language, database, standard
/S Q L/ An industry-standard language for creating, updating and, querying relational database management systems
SQL was developed by IBM
in the 1970s for use in System R
. It is the de facto standard
as well as being an ISO
and ANSI standard
. It is often embedded in general purpose programming languages.
The first SQL standard, in 1986, provided basic language constructs for defining and manipulating tables
of data; a revision in 1989 added language extensions for referential integrity
and generalised integrity constraints
. Another revision in 1992 provided facilities for schema
manipulation and data administration
, as well as substantial enhancements for data definition and data manipulation.
Development is currently underway to enhance SQL into a computationally complete language for the definition and management of persistent
, complex objects. This includes: generalisation and specialisation hierarchies, multiple inheritance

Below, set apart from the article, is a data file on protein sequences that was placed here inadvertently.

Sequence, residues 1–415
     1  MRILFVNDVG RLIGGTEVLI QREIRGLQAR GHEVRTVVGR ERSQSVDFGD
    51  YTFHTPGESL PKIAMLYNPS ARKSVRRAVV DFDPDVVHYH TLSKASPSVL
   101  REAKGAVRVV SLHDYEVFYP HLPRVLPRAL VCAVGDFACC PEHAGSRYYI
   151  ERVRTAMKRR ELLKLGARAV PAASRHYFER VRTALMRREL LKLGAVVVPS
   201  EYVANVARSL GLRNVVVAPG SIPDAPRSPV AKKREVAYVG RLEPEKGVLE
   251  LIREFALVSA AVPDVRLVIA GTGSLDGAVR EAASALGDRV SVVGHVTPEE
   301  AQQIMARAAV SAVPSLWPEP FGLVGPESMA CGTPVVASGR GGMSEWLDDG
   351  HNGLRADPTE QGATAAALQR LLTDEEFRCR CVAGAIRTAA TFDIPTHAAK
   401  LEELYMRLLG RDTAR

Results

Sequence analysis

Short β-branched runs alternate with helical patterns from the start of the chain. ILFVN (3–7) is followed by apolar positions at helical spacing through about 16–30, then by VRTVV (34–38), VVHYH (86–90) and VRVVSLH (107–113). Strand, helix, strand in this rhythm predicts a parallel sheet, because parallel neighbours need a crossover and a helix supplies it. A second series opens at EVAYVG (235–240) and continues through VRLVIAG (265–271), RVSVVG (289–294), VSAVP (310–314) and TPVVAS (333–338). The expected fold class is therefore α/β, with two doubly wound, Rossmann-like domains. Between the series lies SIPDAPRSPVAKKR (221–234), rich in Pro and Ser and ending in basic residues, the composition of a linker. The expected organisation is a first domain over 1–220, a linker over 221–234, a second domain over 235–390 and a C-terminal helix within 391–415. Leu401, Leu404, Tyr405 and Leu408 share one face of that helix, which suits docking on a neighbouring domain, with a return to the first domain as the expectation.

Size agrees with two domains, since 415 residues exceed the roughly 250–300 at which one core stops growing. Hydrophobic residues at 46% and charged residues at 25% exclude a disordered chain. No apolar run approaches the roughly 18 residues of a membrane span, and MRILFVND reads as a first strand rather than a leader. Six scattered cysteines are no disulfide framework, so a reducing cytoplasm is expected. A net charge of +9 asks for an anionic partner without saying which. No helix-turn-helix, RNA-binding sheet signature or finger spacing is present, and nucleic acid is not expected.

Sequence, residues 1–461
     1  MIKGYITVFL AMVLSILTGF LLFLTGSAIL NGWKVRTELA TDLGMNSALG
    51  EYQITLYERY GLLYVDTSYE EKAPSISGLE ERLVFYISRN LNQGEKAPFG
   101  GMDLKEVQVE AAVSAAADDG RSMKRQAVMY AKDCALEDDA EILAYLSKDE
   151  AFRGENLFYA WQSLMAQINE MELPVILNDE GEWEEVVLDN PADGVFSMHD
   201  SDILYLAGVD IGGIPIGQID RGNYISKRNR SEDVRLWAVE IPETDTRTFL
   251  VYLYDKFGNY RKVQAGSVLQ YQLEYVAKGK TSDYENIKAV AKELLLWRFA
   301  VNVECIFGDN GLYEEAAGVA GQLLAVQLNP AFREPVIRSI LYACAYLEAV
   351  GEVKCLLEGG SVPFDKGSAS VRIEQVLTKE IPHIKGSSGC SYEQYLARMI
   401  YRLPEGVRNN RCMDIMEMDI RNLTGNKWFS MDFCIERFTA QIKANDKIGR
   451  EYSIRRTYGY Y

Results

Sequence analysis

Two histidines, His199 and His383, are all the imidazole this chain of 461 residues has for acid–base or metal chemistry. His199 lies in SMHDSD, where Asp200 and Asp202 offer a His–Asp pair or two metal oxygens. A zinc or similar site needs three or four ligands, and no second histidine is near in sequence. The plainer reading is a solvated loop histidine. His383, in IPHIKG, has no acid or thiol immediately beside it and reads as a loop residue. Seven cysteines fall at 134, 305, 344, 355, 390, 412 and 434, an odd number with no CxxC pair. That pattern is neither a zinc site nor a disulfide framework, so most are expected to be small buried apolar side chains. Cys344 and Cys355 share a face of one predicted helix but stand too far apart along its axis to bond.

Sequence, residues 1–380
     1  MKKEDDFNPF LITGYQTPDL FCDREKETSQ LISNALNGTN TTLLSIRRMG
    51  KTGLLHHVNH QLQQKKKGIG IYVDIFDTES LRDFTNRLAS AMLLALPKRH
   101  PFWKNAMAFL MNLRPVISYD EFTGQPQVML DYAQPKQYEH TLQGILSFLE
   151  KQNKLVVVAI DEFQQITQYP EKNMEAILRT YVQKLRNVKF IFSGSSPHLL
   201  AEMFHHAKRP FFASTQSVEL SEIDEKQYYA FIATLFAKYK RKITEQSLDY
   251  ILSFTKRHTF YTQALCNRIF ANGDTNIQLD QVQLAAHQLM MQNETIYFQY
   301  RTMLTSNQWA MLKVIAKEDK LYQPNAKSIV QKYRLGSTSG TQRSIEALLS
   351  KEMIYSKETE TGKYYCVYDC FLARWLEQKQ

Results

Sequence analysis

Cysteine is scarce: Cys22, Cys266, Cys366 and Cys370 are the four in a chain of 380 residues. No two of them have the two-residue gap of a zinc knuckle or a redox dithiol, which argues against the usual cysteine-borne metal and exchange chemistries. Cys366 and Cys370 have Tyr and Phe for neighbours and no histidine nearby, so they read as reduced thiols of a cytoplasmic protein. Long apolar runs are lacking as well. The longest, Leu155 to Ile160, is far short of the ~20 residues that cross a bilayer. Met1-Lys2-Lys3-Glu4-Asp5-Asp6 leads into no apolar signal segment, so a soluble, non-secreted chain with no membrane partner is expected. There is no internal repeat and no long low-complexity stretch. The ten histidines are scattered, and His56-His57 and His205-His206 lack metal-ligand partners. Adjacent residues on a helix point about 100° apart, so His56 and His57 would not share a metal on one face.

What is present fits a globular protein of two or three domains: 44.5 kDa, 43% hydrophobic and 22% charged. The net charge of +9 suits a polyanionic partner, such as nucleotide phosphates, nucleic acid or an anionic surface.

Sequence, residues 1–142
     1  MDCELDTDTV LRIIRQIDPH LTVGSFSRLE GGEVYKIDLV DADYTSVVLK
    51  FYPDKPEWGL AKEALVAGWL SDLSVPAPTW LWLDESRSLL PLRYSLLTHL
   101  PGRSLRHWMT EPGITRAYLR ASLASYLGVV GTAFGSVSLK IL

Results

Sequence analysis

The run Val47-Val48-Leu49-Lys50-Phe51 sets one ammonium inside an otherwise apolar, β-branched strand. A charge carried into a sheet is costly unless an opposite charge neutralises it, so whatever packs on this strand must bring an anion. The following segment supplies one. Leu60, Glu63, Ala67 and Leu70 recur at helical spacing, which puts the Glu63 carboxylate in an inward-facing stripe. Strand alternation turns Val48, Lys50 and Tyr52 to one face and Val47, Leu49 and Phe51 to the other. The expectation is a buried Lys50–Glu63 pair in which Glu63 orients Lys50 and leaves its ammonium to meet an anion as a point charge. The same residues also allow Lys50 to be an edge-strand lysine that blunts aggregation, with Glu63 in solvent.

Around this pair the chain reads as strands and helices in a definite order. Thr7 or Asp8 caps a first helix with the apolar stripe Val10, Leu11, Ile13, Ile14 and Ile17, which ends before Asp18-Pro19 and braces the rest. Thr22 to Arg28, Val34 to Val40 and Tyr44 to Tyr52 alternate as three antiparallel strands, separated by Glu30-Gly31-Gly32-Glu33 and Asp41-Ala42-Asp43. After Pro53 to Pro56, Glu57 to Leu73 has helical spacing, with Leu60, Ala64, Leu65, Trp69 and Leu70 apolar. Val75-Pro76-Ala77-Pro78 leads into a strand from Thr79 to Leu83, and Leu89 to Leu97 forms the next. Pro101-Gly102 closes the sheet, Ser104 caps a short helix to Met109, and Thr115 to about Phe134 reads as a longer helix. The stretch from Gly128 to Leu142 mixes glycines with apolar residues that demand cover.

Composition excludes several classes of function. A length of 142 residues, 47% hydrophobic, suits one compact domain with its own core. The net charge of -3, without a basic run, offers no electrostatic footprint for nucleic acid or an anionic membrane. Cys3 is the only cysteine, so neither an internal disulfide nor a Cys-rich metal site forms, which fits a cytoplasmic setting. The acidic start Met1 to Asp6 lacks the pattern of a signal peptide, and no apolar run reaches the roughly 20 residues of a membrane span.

, user defined data types
, support for knowledge based systems
, recursive query expressions
, and additional data administration tools. It also includes the specification of abstract data types
(ADTs), object identifiers, methods
, and all of the other facilities normally associated with object data management.
The emerging SQL3
standard is expected to be complete in 1998.
According to Allen G. Taylor, SQL does __not__ stand for "Structured Query Language". That, like "SEQUEL" (and its pronunciation /see'kw*l/), was just another unofficial name for a precursor of SQL. However, the IBM SQL Reference manual for DB2 and Craig Mullins's "DB2 Developer's Guide" say SQL __does__ stand for "Structured Query Language".
SQL Standards (http://jcc.com/sql_stnd.html).
An SQL parser (ftp://ftp.ora.com/published/oreilly/nutshell/lexyacc/) is described in "Lex & Yacc", by Levine, Mason & Brown published by O'Reilly.
The 1995 SQL Reunion: People, Projects, and Politics (http://mcjones.org/System_R/SQL_Reunion_95/).
["A Guide to the SQL Standard", C.J. Date, A-W 1987].
["SQL for Dummies", Allen G. Taylor, IDG Books Worldwide].